The foundation of Baan's product strategy is the delivery of scalable and flexible enterprise application solutions that can be implemented quickly and re-configured rapidly as business requirements change. To do this, the Company is stressing both intuitive, graphical business modeling as a starting point for software implementation, and strong out-of-the-box functionality. During the last three years, Baan has been seeking to improve its penetration in the Small to Medium Size Enterprises (SME) market and to expand into enterprise applications beyond the traditional ERP solutions.

We expect Baan to also target individual product lines such as CRM to other industries, including healthcare, hospitality, insurance, professional services, telecommunications, transportation, wholesale, and utilities. Baan has partnered with resellers both to address additional market segments and to reach a larger number of enterprises, and claims to have achieved some success in gaining mid-market customers through these initiatives.

More to the point for Baan, Invensys seems to be determined to capitalize on what Baan has to offer. The Baan core development organization in the Netherlands remained virtually intact during numerous restructurings. With plans that focus on sales, marketing, services and administration, Invensys seems intent on both maintaining and expanding Baan's customer base. It plans to use the next twelve months to complete a significant restructuring program and to restore customer confidence while fully integrating e-business, ERP and automation business applications.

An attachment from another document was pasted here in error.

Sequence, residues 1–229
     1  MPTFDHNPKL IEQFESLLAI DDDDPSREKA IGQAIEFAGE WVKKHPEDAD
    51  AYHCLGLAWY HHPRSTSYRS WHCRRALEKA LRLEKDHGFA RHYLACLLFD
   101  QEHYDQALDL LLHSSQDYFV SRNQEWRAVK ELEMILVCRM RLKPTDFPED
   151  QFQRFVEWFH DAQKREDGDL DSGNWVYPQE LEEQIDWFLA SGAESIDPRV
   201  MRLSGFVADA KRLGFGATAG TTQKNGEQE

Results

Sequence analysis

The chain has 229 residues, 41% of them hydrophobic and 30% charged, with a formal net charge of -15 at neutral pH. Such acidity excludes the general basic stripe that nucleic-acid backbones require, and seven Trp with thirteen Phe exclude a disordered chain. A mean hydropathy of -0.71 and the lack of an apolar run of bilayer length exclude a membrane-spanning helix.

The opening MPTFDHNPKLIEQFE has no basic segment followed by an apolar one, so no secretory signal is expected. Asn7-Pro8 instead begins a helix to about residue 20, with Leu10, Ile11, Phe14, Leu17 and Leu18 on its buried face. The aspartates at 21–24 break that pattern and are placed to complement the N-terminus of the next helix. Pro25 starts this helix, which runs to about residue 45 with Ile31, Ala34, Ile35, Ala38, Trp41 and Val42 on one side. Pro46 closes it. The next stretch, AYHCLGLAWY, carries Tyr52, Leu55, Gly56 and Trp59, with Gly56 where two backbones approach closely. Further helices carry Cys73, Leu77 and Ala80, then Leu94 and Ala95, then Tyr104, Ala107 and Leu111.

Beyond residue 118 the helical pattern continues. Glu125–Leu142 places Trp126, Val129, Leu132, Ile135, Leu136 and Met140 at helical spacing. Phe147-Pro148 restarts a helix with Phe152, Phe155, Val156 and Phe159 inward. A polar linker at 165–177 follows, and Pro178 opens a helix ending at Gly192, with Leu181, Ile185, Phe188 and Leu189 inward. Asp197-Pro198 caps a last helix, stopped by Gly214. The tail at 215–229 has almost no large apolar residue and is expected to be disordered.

Planned product enhancements, such as the release of a new browser-based client, continue. In the next 24-36 months the company intends to further expand extended-ERP products, reestablish the growth of the Baan ERP customer base and attempt a significant cross selling within the entire Invensys' portfolio. Invensys has been arguing that Baan still has a competitive product in some industries; in this regard it particularly stresses manufacturing, where Invensys has made significant penetration with its other complementary, plant automation software products.

This concludes part one of a two-part evaluation of Baan. Part two focuses on specific information about Baan as it relates to its current customers and to companies considering its offerings.